An overview of the affected populations now includes: the new IDP caseload standing at 234,500 in June 2007; about 80,000 people of the resident population of Jaffna who are economically affected[4]; 200,000 to 300,000 residual IDPs from the tsunami and previous fighting; and around 63,000 returnees who had made their way back to their homes in the east in May-June 2007.  These numbers are subject to fluctuations and are being discussed with the Government. 

Access restrictions, security concerns, as well as limitations in the supplies of fuel and humanitarian goods in the north remained major challenges in the implementation of CHAP projects.[5]  Changes in the situation in the field allowed for improved access in some affected areas such as Vakarai, but administrative restrictions and media campaigns undermining the credibility of aid organisations persist.  The killing of two aid workers in May posed a fresh challenge.  Transparent and consistently implemented rules are being discussed in the Consultative Committee on Humanitarian Assistance (CCHA).  Such rules are strongly needed and required by the aid community itself.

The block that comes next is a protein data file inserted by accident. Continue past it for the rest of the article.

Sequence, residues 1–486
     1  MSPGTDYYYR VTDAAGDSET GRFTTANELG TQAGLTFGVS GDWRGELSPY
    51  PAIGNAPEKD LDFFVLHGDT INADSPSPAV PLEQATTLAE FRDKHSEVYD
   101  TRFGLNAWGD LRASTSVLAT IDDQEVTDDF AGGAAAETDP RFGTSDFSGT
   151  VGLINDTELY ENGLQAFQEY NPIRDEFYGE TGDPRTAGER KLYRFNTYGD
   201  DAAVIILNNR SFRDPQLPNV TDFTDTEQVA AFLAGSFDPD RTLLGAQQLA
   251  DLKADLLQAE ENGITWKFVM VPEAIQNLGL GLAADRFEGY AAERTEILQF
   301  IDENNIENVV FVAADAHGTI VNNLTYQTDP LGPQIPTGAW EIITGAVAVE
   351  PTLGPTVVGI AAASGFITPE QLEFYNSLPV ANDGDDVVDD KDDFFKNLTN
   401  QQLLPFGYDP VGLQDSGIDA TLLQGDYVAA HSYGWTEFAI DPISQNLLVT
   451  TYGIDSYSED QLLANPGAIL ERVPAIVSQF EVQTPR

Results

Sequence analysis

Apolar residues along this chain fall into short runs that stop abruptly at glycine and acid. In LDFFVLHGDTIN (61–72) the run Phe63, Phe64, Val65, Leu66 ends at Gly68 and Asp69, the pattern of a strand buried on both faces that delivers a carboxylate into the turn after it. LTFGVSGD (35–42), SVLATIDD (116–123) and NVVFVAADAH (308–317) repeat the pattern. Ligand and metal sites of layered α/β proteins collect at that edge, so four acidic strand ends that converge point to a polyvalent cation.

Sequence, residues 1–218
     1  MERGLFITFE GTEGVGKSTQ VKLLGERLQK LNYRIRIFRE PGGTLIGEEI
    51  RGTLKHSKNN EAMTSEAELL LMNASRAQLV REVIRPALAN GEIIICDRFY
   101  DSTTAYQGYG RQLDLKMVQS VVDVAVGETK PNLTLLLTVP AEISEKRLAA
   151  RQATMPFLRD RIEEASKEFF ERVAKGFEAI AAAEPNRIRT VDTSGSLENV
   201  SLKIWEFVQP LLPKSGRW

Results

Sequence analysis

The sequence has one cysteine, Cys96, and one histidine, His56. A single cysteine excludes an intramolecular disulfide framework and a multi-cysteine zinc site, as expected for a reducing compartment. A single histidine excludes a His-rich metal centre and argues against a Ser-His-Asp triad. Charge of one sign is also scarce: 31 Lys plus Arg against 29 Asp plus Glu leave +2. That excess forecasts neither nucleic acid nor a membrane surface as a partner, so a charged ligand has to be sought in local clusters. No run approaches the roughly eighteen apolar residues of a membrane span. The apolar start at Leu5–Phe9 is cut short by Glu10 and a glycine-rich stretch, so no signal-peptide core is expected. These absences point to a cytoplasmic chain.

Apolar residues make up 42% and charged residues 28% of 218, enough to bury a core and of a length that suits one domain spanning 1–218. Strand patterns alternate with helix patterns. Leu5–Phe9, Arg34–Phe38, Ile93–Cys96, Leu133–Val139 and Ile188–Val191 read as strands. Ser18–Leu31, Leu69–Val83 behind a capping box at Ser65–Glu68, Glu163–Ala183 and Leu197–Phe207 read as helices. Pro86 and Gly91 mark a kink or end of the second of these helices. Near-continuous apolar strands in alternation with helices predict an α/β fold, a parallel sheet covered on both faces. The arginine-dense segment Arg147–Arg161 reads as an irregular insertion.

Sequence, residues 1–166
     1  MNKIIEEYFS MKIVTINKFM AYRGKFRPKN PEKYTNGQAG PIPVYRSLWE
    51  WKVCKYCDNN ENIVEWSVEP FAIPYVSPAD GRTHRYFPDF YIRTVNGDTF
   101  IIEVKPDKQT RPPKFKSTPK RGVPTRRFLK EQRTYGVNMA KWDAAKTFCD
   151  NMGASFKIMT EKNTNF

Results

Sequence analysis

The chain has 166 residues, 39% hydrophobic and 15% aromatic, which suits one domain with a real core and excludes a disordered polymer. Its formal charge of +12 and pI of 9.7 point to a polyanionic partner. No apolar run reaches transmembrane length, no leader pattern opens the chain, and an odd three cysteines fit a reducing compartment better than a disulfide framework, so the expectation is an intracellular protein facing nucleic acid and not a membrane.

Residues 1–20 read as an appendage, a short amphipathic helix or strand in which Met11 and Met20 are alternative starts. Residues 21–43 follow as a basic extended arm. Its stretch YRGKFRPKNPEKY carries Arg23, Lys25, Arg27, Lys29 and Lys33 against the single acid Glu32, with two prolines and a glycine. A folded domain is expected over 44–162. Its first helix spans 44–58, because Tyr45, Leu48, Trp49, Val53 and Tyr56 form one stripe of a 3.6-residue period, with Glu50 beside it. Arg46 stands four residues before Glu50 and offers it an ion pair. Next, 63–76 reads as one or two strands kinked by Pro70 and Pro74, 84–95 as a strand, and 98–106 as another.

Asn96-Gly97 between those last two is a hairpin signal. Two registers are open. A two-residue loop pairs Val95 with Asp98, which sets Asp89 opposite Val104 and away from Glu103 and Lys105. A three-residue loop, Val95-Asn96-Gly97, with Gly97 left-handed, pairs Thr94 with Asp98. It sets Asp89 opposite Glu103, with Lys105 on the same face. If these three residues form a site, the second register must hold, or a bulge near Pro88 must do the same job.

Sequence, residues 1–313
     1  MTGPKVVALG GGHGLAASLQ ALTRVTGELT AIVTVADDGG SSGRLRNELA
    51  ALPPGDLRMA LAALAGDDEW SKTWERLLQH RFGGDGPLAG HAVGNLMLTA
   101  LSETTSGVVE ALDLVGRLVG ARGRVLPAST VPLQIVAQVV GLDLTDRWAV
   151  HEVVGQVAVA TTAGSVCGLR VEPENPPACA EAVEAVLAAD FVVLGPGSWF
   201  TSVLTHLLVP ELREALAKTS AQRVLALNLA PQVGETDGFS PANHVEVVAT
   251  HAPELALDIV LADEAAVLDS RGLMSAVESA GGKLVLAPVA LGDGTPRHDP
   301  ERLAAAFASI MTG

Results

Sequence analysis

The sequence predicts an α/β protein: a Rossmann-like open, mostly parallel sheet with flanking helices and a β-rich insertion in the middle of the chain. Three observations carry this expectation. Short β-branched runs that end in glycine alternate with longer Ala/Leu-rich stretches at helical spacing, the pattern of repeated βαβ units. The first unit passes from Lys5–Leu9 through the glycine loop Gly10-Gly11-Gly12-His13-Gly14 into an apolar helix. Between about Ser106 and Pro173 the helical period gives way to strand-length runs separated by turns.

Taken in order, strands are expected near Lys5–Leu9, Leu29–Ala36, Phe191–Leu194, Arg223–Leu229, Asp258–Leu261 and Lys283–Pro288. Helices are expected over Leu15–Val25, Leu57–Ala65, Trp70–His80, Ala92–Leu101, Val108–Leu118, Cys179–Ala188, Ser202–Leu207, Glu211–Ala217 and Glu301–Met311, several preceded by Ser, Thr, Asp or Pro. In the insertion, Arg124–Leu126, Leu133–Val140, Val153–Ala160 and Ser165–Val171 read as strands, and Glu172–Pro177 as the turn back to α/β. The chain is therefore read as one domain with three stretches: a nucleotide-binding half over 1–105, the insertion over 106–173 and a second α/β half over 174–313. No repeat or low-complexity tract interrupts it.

As suggested at the time of the CHAP launch, and based on the changes in the humanitarian context and evolving situation, the Mid-Year Review introduces revisions and adjustments in on-going projects as well as new projects, which bring the total revised funding requirements at US$[6] 109.6 million. As of 21 June $54 million has been received torwards the total CHAP funding requirements, leaving the outstanding funding requirements until the end of 2007 at $55.7 million.  Additional funding will allow the humanitarian community to continue to complement the efforts of the Government, which takes the lead role in providing humanitarian assistance.  It is necessary for that purpose that Government Ministries and agencies share their plans for relief and recovery of the affected areas.  The CCHA and the newly established sub-committees, as well as the Government Agents in the districts, should continue to play the leading coordinating role in this regard. 


[1]These figures were reported in the Media Centre for National Security – Ministry of Defense, 31 May 2007, and mainly concern combatants.

[2]Data released by Government Agents compiled by agencies.

[3]While all were abducted as children, many are now over 18 years old.

[4]Food and nutrition survey conducted by UNICEF, the World Food Programme (WFP) and the Food and Agriculture Organization (FAO) in Jaffna, November 2006.

[5]The Government of Sri Lanka has pointed out that humanitarian space is not shrinking but rather improving especially with the improved security situation in the East. 21 international NGOs had been given clearance by the Defence Ministry to work in the uncleared areas of the North and East.

[6]All dollar figures in the document are United States dollars.  Funding for this Plan should be reported to the Financial Tracking Service (FTS, fts@reliefweb.int). 

Document History

17 July 2007